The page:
Biserica este inghesuita, sapata in stanca. Ma impresioneaza acest edificiu monahal.
In stanca sunt sapate si niste chilii.
Urc la ele pe o scara de piatra si descopar o pictura probabil a sfantului Basarabovo.
De asemenea intalnesc mai multe icoane si obiecte de cult.
In incinta manastirii sunt ingropati calugarii.
De sus din chilii pot observa raul Rusenski Lom.
Imi continui calatoria. Satele par mai amarate decat cele din Romania. Din magazinul din fotografia de mai jos reusesc sa-mi cumpar un carnat expirat. Noroc ca am observat la timp si m-am dus sa returnez produsul primind banii inapoi.
Bicycling Through the Pain of Tragedies in Your Life
By Frosty Wooldridge
One lady cyclist said, “When I get on my bicycle, I ride into the freedom of the day. I ride into happiness. While I’m pedaling, the world is breaking somebody else’s heart.”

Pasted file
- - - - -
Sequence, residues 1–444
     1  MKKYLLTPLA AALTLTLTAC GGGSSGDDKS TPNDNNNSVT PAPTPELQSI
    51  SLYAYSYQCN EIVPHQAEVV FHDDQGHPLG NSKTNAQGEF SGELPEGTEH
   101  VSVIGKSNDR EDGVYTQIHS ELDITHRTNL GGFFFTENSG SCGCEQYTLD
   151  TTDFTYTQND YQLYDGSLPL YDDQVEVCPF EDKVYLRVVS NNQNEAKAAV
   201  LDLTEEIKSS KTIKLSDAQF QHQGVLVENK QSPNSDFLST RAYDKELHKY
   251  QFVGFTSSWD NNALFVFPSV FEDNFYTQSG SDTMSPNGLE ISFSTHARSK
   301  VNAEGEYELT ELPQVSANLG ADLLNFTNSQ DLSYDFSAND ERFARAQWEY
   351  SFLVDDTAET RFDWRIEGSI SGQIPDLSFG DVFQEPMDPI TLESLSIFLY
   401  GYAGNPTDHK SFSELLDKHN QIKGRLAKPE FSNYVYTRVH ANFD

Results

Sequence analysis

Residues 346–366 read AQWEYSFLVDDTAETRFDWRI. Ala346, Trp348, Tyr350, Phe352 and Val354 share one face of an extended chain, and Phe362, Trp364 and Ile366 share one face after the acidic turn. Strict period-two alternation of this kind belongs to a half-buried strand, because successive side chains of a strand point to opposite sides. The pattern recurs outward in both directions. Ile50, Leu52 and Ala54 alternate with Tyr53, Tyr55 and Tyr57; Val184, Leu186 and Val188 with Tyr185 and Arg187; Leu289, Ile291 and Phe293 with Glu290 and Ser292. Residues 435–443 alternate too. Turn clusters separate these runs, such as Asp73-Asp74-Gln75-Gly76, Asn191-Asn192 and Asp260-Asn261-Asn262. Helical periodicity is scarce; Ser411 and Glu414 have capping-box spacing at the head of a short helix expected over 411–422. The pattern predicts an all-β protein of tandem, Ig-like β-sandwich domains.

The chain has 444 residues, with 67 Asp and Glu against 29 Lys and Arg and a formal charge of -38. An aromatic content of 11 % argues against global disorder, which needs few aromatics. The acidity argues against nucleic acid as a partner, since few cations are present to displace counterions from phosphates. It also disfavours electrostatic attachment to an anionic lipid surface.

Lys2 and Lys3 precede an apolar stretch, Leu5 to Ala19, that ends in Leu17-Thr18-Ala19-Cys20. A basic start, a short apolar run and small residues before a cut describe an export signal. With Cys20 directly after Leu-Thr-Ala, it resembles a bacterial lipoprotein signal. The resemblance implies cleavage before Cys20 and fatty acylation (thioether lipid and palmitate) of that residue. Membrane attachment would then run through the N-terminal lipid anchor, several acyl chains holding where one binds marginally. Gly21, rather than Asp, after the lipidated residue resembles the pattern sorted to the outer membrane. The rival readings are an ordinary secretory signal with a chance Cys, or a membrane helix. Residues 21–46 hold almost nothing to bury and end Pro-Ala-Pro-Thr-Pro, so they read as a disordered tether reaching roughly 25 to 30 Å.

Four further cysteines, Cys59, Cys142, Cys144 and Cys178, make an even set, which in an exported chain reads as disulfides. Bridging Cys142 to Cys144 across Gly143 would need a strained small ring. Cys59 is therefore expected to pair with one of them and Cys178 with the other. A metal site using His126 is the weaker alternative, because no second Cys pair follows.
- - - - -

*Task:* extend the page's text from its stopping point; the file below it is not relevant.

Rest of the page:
For certain, when riding my bike, I am the happiest guy in the world. Aren’t you? At the same time, during the long miles, long days and long rides across continents—I experience a lot of self-examination, contemplation and, sometimes, backwash from my past. My subconscious grabs me, sometimes, it frightens me. Most of the time, my good time memories outnumber my bad times. My happy thoughts resonate because of my friendship with my road bike “Bambi” and my touring bike “Condor.” Yes, I talk to them. Probably, they make very good therapists. They’ve helped me out many a time when I have faced depression, and at others when I’ve been happy out-of-my-mind from being ‘high’ on my bike rides. Call it the ‘sweet spot’ or whatever you want—it’s a spiritual high that transforms me.